Julie Newmar's website and order a personalized, autographed picture of her as Catwoman for around the same price you might pay for this figure. Pretty cool, huh? Ready for a look at Batman's flirtatious and feline femme fatale? Then join me after the break...
While heavily articulated female figures are often either overly fragile or awkward looking due to the articulation breaking up the sculpt, I think Mattel did a pretty good job of preserving of Catwoman's curvy form while still keeping her fairly agile. She features hinged ankles, hinged knees, swivel thighs, H-hinged hips, a swivel torso, swivel/hinge shoulders, swivel biceps, swivel wrists, and a ball jointed head. Most of the joints have the range of motion you would expect to allow Catwoman to slip into all kinds of slinky poses although her heels do make it difficult for her to stand.
Since Mattel created unique body sculpts for each character in this line the figure is incredibly accurate to Newmar's outfit from the series. There are lots of tiny creases and folds in the outfit and the details like the belt, necklace, gloves, and boots are clearly sculpted to look like separate elements and not just painted on like most DCUC figures. The only thing weird about the boots is that they make Catwoman's feet look really, really small. Not dainty, but like someone bound her feet when she was a kid. Her hair is pretty spot on, though, and while the face looks like a Barbie doll version of Julie Newmar's Catwoman, it definitely resembles her.
Julie Newmar actually created her Catwoman costume herself. She crafted it from black Lurex, a metallic yarn that gave the outfit its glossy sheen. The paintwork on the figure really nicely captures this as while the figure is mostly molded in black plastic there does appear to be a coat of a reflective silver paint over the costume. It's a fantastic effect. Her belt and necklace are pretty cleanly applied and the makeup and paint on her face is also excellent. Once again, very doll-like but definitely recognizable.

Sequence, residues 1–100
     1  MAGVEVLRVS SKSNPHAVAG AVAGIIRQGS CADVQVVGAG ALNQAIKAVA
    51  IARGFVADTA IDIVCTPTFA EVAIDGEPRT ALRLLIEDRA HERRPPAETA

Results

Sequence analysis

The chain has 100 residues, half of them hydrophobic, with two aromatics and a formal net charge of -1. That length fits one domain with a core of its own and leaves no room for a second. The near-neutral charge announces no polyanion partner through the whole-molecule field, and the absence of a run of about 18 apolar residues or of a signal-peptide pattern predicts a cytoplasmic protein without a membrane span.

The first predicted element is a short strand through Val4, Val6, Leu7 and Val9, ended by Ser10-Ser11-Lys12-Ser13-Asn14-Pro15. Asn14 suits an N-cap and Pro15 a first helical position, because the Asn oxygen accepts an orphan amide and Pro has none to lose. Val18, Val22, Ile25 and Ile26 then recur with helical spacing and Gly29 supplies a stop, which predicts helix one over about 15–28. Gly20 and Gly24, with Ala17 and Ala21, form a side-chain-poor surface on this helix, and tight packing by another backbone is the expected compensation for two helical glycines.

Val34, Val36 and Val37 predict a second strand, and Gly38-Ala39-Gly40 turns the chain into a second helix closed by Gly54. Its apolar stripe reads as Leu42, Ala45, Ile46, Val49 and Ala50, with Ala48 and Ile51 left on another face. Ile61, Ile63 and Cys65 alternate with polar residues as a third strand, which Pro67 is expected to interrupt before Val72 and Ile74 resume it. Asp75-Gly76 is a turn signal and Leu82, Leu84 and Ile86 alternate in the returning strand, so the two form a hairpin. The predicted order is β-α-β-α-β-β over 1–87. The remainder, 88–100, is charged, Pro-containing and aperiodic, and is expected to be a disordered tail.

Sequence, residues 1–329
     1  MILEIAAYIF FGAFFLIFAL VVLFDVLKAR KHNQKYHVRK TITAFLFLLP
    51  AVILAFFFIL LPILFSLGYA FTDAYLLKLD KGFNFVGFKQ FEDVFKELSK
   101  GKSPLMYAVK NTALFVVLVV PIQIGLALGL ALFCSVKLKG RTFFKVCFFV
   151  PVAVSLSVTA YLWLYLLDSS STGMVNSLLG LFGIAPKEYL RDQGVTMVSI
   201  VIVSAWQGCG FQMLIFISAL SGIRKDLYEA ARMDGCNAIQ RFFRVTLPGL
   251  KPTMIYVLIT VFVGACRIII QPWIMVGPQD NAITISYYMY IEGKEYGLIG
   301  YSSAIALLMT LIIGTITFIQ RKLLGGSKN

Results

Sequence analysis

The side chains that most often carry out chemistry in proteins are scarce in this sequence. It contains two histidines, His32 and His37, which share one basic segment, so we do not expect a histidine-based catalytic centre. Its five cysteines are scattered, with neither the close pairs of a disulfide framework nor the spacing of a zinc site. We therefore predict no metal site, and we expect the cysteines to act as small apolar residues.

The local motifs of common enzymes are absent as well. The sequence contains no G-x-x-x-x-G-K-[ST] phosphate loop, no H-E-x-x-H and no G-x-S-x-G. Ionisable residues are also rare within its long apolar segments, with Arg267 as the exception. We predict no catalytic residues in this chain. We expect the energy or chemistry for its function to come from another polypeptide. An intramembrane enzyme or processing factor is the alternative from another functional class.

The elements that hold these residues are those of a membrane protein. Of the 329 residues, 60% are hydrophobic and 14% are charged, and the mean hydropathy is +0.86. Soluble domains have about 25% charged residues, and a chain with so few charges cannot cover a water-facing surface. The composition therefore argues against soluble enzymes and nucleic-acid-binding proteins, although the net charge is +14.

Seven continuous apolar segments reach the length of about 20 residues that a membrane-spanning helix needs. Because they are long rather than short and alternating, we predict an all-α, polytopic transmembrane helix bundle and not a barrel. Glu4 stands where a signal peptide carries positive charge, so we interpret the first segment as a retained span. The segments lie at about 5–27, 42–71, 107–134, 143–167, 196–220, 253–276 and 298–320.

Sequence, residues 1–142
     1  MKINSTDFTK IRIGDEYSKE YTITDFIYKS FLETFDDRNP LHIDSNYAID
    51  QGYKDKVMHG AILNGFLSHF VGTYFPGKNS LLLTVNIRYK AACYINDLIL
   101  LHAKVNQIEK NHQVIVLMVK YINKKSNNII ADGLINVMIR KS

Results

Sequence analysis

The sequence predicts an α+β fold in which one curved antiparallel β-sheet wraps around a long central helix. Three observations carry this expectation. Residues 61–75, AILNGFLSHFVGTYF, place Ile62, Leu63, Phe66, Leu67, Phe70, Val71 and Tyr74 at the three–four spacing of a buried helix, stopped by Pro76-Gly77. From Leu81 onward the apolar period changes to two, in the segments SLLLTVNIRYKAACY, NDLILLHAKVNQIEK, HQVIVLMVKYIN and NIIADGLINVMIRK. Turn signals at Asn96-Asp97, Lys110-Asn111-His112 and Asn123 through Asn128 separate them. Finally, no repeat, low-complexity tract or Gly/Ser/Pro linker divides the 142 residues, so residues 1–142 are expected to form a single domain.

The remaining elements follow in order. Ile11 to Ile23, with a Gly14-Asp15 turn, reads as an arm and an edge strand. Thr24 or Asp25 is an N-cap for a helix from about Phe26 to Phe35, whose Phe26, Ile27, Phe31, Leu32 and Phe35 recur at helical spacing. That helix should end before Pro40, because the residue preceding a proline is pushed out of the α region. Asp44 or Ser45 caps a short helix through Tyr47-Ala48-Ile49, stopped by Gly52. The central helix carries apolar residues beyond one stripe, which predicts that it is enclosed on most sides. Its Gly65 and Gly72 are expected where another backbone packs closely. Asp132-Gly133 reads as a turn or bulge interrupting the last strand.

Ready for the same song and dance again? OK, here it goes: While Catwoman doesn't come with any handheld accessories, she does come with the same semi-circle stand as every other figure in this line as well as a double sided trading card. Catwoman's stand has a sticker on it that says "CRRAACK!" and her trading card shows another part of the Batcave diorama on one side and a painted portrait of Catwoman taunting a restrained Batman. I always love stands, but I do wish she had come with a whip or something, too.
I haven't really covered this in any of the other reviews, but since I now have all of the figures I'll cover the Batcave diorama that came with each figure. They're simple pieces of hard, glossy cardboard, but when put together they make a diorama that you can place behind your figures. They look pretty cool together but here is no way to display them together using the included stands. The cards aren't the same width as the stands (the stands are wider) and since the stands have lips on the sides of the card slots, you can't display them in a row. You'll either have large gaps on the sides or you'll have to find another way to display these. It would have been a neat feature, but Mattel clearly put little thought into its execution.
Maybe because it's a great figure, maybe it's because it's Catwoman, or maybe because it's Julie Newmar, but I really like this figure. I still think that Penguin is the best overall figure in the line while Surf's Up Batman is the best representation of what this line is about, but I'd put Catwoman third on the list of the best figures in this line (I haven't reviewed the Batman and Robin two-pack nor the SDCC figure). She's really quite nice and a great Catwoman that represents a different era of the character. If Mattel ever gets around to releasing a Michelle Pfeiffer Catwoman in this scale, I'll be thrilled and feel that I'd never need another Catwoman figure again. Of course, that doesn't mean I'll stop buying them...